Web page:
Time Out says: “An everyday story of Mafia folk, incorporating a severed horse's head in the bed and a number of heartwarming family occasions, as well as pointers on how not to behave in your local trattoria (i.e., blasting the brains of your co-diners all over their fettuccini).”

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3

A Woman Under the Influence (1974)

Director: John Cassavetes
Cast: Gena Rowlands, Peter Falk, Fred Draper

Gena Rowlands gives one of the most emotionally charged performances in the history of cinema as a housewife experiencing a nervous breakdown. Peter Falk costars as the husband driving her around the fabled bend.

“Gena Rowlands made such an impact on me. She is one my great influences.”—Betty Buckley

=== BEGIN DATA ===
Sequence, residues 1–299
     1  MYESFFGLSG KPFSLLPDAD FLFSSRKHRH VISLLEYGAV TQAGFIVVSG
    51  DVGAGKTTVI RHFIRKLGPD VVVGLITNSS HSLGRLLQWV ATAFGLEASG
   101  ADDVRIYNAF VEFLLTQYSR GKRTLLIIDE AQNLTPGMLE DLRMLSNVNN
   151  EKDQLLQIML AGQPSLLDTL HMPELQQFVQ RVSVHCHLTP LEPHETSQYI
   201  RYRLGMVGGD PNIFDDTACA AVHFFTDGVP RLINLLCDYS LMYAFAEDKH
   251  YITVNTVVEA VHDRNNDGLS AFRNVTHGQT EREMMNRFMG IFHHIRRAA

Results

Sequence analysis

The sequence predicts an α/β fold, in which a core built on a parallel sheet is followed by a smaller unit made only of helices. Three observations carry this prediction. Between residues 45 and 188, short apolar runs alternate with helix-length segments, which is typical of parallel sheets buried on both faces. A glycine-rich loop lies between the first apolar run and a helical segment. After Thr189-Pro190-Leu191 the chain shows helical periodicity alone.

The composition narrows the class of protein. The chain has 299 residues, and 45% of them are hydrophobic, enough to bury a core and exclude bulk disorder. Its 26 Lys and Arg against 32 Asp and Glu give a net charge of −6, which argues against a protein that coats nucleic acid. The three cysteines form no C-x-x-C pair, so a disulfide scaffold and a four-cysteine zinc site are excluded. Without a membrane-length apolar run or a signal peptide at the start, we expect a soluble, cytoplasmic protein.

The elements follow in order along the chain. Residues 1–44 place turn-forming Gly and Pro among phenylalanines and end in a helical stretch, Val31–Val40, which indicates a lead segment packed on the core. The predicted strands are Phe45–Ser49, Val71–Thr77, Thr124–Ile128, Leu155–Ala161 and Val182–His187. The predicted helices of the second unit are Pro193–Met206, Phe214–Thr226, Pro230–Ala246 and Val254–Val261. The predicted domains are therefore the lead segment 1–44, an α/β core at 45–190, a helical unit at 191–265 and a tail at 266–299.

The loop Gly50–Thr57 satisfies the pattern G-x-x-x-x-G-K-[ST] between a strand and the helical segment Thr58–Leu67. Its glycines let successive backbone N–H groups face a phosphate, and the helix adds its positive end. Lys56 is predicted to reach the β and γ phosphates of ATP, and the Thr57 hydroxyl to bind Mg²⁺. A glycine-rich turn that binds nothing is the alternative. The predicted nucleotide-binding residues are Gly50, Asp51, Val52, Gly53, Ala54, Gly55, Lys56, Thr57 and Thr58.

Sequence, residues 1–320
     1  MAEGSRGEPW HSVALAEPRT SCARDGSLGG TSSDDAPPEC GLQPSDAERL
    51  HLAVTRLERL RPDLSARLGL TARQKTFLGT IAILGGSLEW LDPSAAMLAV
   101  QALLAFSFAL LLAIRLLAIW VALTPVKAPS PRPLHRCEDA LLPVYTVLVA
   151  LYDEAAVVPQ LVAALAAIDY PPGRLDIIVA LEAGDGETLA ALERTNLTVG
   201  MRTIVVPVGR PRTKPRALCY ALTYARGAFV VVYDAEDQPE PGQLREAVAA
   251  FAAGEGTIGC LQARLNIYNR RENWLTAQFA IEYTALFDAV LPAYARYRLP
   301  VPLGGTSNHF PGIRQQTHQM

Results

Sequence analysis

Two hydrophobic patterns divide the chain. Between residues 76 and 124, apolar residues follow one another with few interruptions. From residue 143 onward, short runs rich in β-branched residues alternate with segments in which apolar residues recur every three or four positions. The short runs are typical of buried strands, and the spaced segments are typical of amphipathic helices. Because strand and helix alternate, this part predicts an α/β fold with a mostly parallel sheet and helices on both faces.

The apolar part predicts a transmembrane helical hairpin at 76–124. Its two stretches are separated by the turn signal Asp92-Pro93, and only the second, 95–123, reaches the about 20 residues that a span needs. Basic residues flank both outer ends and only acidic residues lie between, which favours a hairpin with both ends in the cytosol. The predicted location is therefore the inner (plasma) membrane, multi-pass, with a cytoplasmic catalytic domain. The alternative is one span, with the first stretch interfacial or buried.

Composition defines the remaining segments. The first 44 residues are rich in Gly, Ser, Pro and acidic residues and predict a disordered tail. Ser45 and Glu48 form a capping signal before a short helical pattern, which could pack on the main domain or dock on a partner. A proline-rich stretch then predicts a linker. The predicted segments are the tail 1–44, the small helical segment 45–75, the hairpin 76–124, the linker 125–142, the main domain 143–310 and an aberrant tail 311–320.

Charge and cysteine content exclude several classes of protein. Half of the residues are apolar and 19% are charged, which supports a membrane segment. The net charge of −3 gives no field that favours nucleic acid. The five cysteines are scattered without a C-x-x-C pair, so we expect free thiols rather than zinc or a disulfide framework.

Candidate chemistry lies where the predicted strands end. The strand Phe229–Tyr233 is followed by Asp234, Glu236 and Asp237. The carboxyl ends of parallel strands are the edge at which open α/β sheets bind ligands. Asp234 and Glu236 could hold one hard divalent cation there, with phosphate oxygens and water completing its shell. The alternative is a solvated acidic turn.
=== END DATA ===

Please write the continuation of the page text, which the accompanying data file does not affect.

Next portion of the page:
“This is one of the most incredible performances I have ever seen. Gena Rowlands makes me physically tense while watching her downward spiral but not in a way that she blocks you out. You can see every fleeting thought and feeling flicker across her face and body. Unbelievable.”—Kyle Soller

Time Out says: “Rowlands unfortunately overdoes the manic psychosis at times, but Falk is persuasively insane as the husband, and the result is an astonishing, compulsive film, directed with a crackling energy.”

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4

Cinema Paradiso (1988)

Director: Giuseppe Tornatore
Cast: Philippe Noiret, Enzo Cannavale, Antonella Attili

A warm, romantic story about an elderly Italian projectionist’s friendship with a young boy.

“I seriously wonder if the people who dismiss this film have ears. Cinema Paradiso is mainly a delivery device for Ennio Morricone’s most profoundly emotional score—and there’s a lot of competition for that title. Overall, it’s a pure an expression of movie love as I have ever seen.”—Joshua Rothkopf, New York film editor